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Quote: "The metal, found in 2017..."

Erm, say what again?

Here's wiki for vanadium, you might wanna check that year :

https://en.wikipedia.org/wiki/Vanadium






They’re talking about vanadium dioxide’s transition, but it’s still a poorly worded phrase

Form wiki:

The elemental metal is rarely found in nature, but once isolated artificially, the formation of an oxide layer (passivation) somewhat stabilizes the free metal against further oxidation.

That's literally 2nd phrase there, right at beginning. Tell me, does that strike you as something to be discovered only in 2017? Or the guys who made the discover(y)/(ies) already seen VO2?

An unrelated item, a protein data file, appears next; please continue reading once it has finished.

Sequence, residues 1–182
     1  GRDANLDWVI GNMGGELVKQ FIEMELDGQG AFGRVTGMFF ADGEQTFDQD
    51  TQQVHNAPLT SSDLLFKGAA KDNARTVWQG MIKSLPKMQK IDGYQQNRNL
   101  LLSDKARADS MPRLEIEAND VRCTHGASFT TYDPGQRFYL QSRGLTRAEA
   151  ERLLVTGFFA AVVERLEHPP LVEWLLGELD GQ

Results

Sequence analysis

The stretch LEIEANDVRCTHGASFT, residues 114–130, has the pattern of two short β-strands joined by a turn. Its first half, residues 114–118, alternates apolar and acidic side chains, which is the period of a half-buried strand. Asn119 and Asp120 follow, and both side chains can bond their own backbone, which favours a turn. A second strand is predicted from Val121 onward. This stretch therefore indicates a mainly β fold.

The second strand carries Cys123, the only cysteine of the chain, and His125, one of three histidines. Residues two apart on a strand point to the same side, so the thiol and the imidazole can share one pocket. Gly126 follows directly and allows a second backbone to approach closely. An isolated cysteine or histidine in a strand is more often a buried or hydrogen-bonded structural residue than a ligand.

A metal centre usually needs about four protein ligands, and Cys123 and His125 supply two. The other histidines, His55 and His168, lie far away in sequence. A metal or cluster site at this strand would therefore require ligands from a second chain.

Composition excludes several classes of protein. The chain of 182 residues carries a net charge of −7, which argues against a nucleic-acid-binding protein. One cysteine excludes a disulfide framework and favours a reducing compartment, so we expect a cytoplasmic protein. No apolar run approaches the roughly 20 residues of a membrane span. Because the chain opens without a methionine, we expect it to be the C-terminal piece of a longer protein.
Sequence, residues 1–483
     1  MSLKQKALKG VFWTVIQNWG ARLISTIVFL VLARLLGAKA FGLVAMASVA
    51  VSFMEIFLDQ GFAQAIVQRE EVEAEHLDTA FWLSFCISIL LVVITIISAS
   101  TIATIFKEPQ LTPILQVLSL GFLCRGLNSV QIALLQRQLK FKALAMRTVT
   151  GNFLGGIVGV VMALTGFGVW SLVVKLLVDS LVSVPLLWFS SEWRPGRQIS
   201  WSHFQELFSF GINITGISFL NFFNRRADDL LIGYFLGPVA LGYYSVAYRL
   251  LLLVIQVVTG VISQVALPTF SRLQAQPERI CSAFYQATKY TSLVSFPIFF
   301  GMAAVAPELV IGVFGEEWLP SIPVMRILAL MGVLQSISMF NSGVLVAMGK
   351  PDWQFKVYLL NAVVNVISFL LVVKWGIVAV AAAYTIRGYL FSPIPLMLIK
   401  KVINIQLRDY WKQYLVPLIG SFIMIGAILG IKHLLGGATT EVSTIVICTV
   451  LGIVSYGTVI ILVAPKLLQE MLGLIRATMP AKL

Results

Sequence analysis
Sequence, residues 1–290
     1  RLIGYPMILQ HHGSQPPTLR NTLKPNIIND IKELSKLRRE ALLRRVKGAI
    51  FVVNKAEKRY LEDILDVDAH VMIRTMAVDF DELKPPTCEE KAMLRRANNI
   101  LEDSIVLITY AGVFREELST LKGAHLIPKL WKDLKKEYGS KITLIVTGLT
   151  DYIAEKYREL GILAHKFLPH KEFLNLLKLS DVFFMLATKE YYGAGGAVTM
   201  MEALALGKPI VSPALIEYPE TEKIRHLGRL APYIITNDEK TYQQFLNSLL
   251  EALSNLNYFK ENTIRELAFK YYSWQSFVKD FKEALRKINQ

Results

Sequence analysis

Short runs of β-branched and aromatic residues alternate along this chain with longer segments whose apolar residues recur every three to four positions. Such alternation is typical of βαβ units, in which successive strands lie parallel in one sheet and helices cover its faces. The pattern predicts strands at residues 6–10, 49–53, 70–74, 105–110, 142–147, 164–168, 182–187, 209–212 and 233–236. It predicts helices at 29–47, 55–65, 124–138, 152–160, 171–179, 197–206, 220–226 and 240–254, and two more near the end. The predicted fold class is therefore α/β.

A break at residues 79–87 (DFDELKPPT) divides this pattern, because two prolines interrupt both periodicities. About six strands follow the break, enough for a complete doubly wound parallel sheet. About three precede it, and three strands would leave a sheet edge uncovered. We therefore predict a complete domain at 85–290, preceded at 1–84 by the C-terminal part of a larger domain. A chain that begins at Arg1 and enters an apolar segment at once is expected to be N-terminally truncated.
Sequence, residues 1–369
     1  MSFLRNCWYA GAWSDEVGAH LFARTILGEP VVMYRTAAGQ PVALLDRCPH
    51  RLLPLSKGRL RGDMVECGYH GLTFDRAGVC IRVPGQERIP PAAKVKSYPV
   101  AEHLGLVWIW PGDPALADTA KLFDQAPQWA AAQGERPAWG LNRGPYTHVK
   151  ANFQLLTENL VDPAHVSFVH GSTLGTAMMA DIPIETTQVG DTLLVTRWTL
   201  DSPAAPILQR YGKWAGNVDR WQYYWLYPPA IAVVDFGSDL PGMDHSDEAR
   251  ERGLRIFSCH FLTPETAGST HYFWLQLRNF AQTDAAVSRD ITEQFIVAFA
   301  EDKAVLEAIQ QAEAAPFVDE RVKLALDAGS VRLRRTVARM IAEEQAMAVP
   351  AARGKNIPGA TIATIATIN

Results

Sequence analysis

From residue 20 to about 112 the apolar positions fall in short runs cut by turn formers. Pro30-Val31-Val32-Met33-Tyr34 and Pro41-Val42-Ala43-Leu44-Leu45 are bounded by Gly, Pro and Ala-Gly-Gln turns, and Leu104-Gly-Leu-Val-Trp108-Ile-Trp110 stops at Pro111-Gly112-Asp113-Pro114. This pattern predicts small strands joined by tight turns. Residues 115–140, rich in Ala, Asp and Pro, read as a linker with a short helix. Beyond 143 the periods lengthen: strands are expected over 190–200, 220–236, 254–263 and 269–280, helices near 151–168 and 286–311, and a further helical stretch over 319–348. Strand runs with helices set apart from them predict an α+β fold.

Also wiki is wrong since Vanadium is as rare as Copper. Does Copper strikes you as something rare?


‘Elemental metal’ means the element not bonded to other elements (ie mostly pure vanadium). There’s no reason an element can’t be common but the pure element be rare.

Also the oxide the wiki article is talking about is V2O5, not VO2 (though VO2 was known beforehand - it’s easy to find articles about it from the 50s).


Maybe he meant that "elemental metal" is redundant?

In other words: can we call "metal" anything not in the periodic table?


Alloys of various elemental metals are also metals, but aren't elemental.


Ford was using Vanadium steel in the chassis of his model T in the early 1900s

In 1867 Henry Enfield Roscoe obtained the pure element.



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